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Special Factoring Formulas and a General Review of Factoring

Special Factoring Formulas and a General Review of Factoring

When the two terms of a subtractions problem are perfect squares, they are a special

multiplication pattern called the difference of two squares. Their pattern is:

The knowledge of this patter will allow one to solve these special equations by knowing only what values were being squared in the original problem.

Example I: Factor x^2 – 25.

( find the values that were squared to get x^2 and 25)
(apply the pattern shown above)
( x + 5 ) ( x – 5 ) (these are the factors)

Example II: Factor 4x^2 – 9.

( find the values that were squared to get 4x^2 and 9)
(apply the pattern shown above)
(continue)
( 2x + 3 ) (2x – 3 ) (these are the factors)

Example III: Factor 25x^2 - 16y^2

(find the values that were squared to get 25x^2 and 16y^2)
(apply the pattern shown above)
(continue)
( 5x + 4y ) ( 5x – 4y) (these are the factors)

Where possible factor out any common factors , even if the factors are perfect squares , before applying the procedure.

Example IV: Factor 16x^2 – 64.

(16 is a factor of both terms and may be factored)
(apply the pattern)
(continue)
16 ( x + 2 ) ( x – 2 ) (these are the factors of the problem)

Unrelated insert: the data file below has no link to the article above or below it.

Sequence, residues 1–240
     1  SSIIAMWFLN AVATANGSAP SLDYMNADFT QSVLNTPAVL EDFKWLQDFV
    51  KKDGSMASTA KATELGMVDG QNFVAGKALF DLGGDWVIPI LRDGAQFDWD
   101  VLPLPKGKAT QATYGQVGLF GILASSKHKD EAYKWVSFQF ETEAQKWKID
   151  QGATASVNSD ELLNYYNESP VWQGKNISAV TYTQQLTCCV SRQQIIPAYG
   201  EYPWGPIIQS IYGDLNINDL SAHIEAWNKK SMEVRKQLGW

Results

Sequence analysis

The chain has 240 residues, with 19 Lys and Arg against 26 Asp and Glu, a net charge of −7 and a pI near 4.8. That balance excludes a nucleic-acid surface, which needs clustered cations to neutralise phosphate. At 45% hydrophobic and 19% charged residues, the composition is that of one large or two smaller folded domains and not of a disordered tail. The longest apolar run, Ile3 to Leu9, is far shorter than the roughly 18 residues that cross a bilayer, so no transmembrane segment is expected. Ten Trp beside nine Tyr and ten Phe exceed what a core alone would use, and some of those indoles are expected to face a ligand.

Note: If you did not factor the 16 at the beginning of the problem, you would still get the correct answer since both terms are perfect squares:

(apply the pattern)
(continue)
( 4x + 8 ) ( 4x – 8 ) (factor out the common values in each term)
(4) ( x + 2) (4) ( x – 2 ) ( combine like terms )
16 ( x + 2 ) ( x – 2 ) (these are the factors of the problem)

The principle of patterns applies to the sum and difference of cubes . Those patterns are:

Sum of cubes: a^3 + b^3 = ( a + b ) ( a^2 – ab + b^2 )
Difference of cubes: a^3 - b^3 = ( a – b ) ( a^2 + ab + b^2 )

NOTE: The second-degree term is always prime and should not be factored.

Example V: Factor x^3 + 64.

(this pattern is the sum of 2 cubes)
(these are the values that were cubed)
( perform all operations )
(these are the factors of the problem)

Example VI: Factor 8x^3 – 27y^3.

(this pattern is the difference of two cubes )
(these are the values that were cubed)
(continue)
(perform all operations)
(these are the factors)

As seen in previous problems you may have to remove common factors to realize that you have one of these types of problems. Here are some further examples.

Example VII: Factor ( a + 2 )^2 – b^2 .

Recall that when anything is grouped is may be treated as a single term, no matter how much or little it contains.)

(since a + 2 is grouped it is a single term. This
means that the problem may be treated as the
difference of 2 squares.)
[ ( a + 2 ) + b ] [ ( a + 2 ) – b ] (these are the factors.)

Example VIII: Factor 3x^2 – 75.

(since no pattern is apparent, we remove common factors.)
(now a pattern appears, the difference of 2 sq.)
3 ( x + 5 ) ( x – 5 ) (these are the solutions to the problem .)

Example IX: Factor a^4 – b^4

Applying the exponential law each term may be rewritten.

(apply the exponential law )
(the difference of 2 squares pattern is used)
(continue)
(these are the solutions)

NOTE: ( a^2 + b^2 ) is the sum of two squares for which there are no real solutions. The pattern of the difference of two squares cannot be made to apply to it.

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